The laser that will be the most powerful in the United States is about to send its first pulses into an experimental target at the University of Michigan.
Funded by the National Science Foundation, it will be a destination for researchers studying extreme plasmas in the United States and around the world.
Called ZEUS, the Zetawatt equivalent ultrashort pulse laser system, it will explore the physics of the quantum universe as well as outer space, and it is expected to contribute to new technologies in medicine, electronics and national security.
“ZEUS will be the highest peak power laser in the United States and among the most powerful laser systems in the world. We look forward to growing the research community and bringing people together with new ideas for experiments and applications,” said Karl Krushelnick, director of the Center for Ultrafast Optical Science, home of ZEUS, and the Henry J. Gomberg Collegiate Professor of Engineering. .
The first target zone to turn on is the high-repetition target zone, which runs experiments with more frequent but lower power laser pulses. Michigan alumnus Franklin Dollar, associate professor of physics and astronomy at the University of California, Irvine, is the first user, and his team is exploring a new kind of X-ray imaging.
They will use ZEUS to fire infrared laser pulses into a helium gas target, turning it into plasma. This plasma accelerates electrons to high energies, and these electron beams then squirm to produce tightly packed X-ray pulses.
Dollar’s team is studying how to make and use these new types of X-ray sources. Because soft tissues absorb X-rays at very similar rates, basic medical X-ray machines must deliver high doses of radiation before they can be able to distinguish between a tumor and healthy tissue, he said.
But during his doctoral studies under Krushelnick, Dollar used the ZEUS predecessor to image a damsel, showing the promise of laser-like X-ray pulses. Different soft tissues in the damselfish carapace delayed the x-rays to varying degrees, creating interference patterns in the x-ray waves. These patterns revealed the soft structures with very short x-ray pulses – a few millionths billionths of a second – and therefore small doses of X-rays.
“We could see every little organ as well as the tiny micro hairs on his leg,” Dollar said. “It’s very exciting to think about how we could use these laser-like X-rays to do low-dose imaging, taking advantage of the fact that they’re laser-like rather than having to rely on the absorption imagery of the past.”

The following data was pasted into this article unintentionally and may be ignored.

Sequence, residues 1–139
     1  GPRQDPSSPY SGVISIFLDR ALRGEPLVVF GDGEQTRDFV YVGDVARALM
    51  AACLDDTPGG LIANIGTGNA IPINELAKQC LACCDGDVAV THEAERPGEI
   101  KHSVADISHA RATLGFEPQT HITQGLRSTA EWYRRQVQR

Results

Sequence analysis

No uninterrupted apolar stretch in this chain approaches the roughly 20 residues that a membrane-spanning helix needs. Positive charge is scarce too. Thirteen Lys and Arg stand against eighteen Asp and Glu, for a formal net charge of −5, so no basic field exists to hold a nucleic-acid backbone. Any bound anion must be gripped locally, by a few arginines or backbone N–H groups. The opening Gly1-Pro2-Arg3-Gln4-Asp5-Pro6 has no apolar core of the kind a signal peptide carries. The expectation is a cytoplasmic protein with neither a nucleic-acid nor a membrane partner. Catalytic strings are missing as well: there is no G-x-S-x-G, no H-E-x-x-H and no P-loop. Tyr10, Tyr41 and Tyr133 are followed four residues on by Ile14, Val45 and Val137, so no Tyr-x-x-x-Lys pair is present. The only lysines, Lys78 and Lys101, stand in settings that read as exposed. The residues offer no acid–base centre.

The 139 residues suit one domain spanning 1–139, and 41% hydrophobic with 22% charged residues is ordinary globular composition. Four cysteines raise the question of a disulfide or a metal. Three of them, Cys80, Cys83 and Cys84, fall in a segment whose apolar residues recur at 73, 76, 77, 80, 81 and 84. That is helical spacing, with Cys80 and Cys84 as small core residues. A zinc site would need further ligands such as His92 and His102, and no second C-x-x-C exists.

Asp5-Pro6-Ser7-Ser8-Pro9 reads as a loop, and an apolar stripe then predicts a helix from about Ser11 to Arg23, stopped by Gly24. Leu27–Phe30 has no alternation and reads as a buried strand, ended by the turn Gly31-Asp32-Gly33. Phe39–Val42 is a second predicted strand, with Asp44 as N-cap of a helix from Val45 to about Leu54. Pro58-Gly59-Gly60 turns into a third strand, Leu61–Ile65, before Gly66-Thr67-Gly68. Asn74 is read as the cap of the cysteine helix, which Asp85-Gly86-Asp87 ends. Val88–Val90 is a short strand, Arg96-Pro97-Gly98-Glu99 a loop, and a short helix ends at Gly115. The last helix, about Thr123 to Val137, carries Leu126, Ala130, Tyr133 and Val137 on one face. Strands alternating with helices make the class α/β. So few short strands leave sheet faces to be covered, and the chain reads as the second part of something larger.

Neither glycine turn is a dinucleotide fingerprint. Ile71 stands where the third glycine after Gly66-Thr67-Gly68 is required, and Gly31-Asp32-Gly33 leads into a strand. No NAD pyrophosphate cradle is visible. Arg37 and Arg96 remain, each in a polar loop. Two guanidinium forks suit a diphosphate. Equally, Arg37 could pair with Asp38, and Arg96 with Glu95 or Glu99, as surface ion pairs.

In this first phase, the ZEUS team starts at a power of 30 terawatts (30 trillion watts), or about 3% of the most powerful lasers in the United States today and 1% of the eventual maximum power of ZEUS.
“During the experiment here, we’re going to bring the first light into the target chamber and expand toward that 300 terawatt level,” said electrical and computer engineering researcher John Nees.
Nees is leading the construction of the laser alongside Anatoly Maksimchuk, an electrical and computer engineering researcher, who is leading the development of the experimental areas.
Dollar’s team plans to return in late fall for another run, aiming for full power aimed at the high-repeat, 500 terawatt target zone. The maximum power of 3 petawatts, or quadrillion watts, will go to different target areas to be completed later. The first test using the target area for the ZEUS signature experiment is scheduled for 2023.
This experiment will use the laser to generate a high-speed beam of electrons, then direct the electrons directly into the laser pulses. For electrons, this simulates a zetawatt laser pulse, a million times more powerful than ZEUS’ 3 petawatts. In addition to probing the foundations of our understanding of the quantum universe, ZEUS will allow researchers to study what happens inside some of the most extreme objects in space.
“Magnetars, which are neutron stars surrounded by extremely strong magnetic fields, and objects such as active galactic nuclei surrounded by very hot plasma, we can recreate the microphysics of hot plasma in extremely strong fields in the laboratory,” said said Louise Willingale, Associate Director. of ZEUS and Associate Professor of Electrical and Computer Engineering.
ZEUS not only provides scientific and technological opportunities, but with the discipline-wide effort to develop the laser physics workforce, it also creates career opportunities. Dollar brought his entire team to get the hands-on experience of commissioning experience on a world-class laser.
“At Michigan Engineering, we are blessed with some of the strongest academic and research capabilities in the world, and we leverage that strength to improve the lives of real people. ZEUS exemplifies our commitment to basic science – using engineering to understand matter at its most basic levels, then using that knowledge to create solutions to real-world problems,” said Alec D. Gallimore, Dean of Robert J. Vlasic Engineering.
The first stage of the experiment looks particularly tough to win due to how the pandemic disrupted construction early on, when the team was still reconfiguring the building to accommodate a much larger laser. Project manager Franko Bayer reconsidered the schedules, identifying work that could be done in parallel rather than in sequence, to stay as close to the original deadlines as possible.
“Our team at ZEUS is very pleased that our hard work has paid off, and despite all the post-pandemic equipment delivery delays, we are on schedule against our original schedule. This experience is the start of a gradual increase in power until full commissioning in the fall of 2023,” Bayer said.
Krushelnick is also a professor of nuclear engineering and radiological sciences and of electrical and computer engineering. Gallimore is also the Richard F. and Eleanor A. Towner Professor of Engineering, Arthur F. Thurnau Professor, and Professor of Aerospace Engineering.